Yesterday our family had urgent need of our American medical system . . . and boy, did it ever deliver!
In our case, the medical problem was a blockage caused by a large blood clot in the brain. A skilled surgeon was able to use a new, less invasive procedure — one that has been in use at the hospital for only about six months — to follow the blood vessel up into the brain and use suction to dislodge and then safely remove the clot. The entire procedure took less than an hour and left the blood vessel and brain tissue undisturbed.
Americans often complain about the cost of our health care system, but we also should boast, even more frequently, about the amazing quality of the care it provides. In our case, the very recent technological advances permitted a result that is nothing short of miraculous — and it was a result that wasn’t reserved for royalty or the super-rich, but instead was available to a worried family that brought a loved one to a neighborhood hospital in Columbus, Ohio. Where would we be if our hospitals were not striving to provide the best care imaginable?
Without lapsing into the political realm, I think it’s fair to say that our experience is one of the reasons why the Affordable Care Act is of concern to so many people. Yesterday, when time was of the essence, we received the care we needed immediately, without having to cut through red tape or waiting to receive bureaucratic approvals. I’d hate to think that things might change that would change that result — or, in some way, remove the incentives that our hospitals have to purchase and use the space-age technology that consistently delivers the modern medical miracles to which we’ve become so accustomed — and for which we are so grateful.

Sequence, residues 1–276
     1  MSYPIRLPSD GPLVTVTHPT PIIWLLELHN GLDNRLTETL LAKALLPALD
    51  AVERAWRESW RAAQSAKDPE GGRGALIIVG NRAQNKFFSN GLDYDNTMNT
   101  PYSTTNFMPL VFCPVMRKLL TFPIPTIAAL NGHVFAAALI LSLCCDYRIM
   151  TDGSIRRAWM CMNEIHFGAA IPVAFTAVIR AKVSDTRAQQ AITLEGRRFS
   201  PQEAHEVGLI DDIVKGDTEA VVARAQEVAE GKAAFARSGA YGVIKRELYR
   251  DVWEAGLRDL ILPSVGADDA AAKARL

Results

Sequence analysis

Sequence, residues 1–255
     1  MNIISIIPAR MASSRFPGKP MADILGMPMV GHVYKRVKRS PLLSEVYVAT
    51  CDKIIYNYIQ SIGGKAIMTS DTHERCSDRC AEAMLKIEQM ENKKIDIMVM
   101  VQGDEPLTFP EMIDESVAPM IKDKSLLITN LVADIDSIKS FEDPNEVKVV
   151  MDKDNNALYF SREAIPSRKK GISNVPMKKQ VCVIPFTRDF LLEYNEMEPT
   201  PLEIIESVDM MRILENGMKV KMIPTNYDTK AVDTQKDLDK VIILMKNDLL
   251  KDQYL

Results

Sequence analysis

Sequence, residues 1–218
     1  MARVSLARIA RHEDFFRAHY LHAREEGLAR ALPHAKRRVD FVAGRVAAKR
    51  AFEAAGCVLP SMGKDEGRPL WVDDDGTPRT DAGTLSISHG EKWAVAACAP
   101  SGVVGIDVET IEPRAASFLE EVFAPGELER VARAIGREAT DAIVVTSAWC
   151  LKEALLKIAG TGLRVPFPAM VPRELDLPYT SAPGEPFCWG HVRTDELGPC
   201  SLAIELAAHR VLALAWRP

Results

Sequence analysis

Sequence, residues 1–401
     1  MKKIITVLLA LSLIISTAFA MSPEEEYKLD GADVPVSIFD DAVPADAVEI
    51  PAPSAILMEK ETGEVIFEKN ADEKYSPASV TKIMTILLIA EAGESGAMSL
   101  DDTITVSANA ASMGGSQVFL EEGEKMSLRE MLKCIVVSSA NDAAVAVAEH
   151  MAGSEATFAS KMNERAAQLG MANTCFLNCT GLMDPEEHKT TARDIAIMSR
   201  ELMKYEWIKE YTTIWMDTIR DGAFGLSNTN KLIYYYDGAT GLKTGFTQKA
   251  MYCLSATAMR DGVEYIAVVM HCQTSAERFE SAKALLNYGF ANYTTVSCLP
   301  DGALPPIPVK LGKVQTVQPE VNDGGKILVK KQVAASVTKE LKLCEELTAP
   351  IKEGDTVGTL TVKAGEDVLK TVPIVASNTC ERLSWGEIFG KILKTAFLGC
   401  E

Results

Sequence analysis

The BBC today has an interesting story on experiments concerning the operation of the brain. The experiments tracked signals between different parts of the brains of rats. They showed that different parts of the brain were unexpectedly communicating with each other and that information looped back rather than proceeding in rigid lines of communication. The BBC story notes that the study and the apparently interconnected nature of the brain “could prove to be a powerful tool in analysing how the brain processes information.”
I wonder, however, whether the study has significantly broader implications. Recently I read a fascinating book calledThe Brain That Changes Itself by Dr. Norman Doidge. The basic concept underlying that book is called neuroplasticity, and it posits that the brain is not “hard-wired” like the motherboard of a computer, but rather is a flexible collection of cells that can serve different functions. The encouraging message of neuroplasticity is that people who suffer brain dysfunction due to strokes, blunt trauma, or other forms of injury are not inevitably doomed to live the rest of their lives unable to walk or talk. Instead, the book reports on instances where, through carefully planned tasks, repetitive actions, and determination, people have been able to reroute their brain functions through healthy cells and regain their lost powers of speech and movement. The study that is the subject of the BBC reports, by demonstrating that the brain does not function in a rigid “top-down” fashion, seems to further confirm the accuracy of the concept of neuroplasticity.
What does it mean for those of us who haven’t suffered brain dysfunction? The lesson is that you can work to enhance mental acuity and balance as you age by taking steps to make sure that the brain and nerve connections stay sharp. Do a crossword puzzle or a math problem. Try to learn a new foreign language. Walk barefoot around your yard and neighborhood. And if you feel yourself slipping, don’t accept it with a sigh of resignation. Instead, view it is a challenge to be overcome — because that is exactly what it is.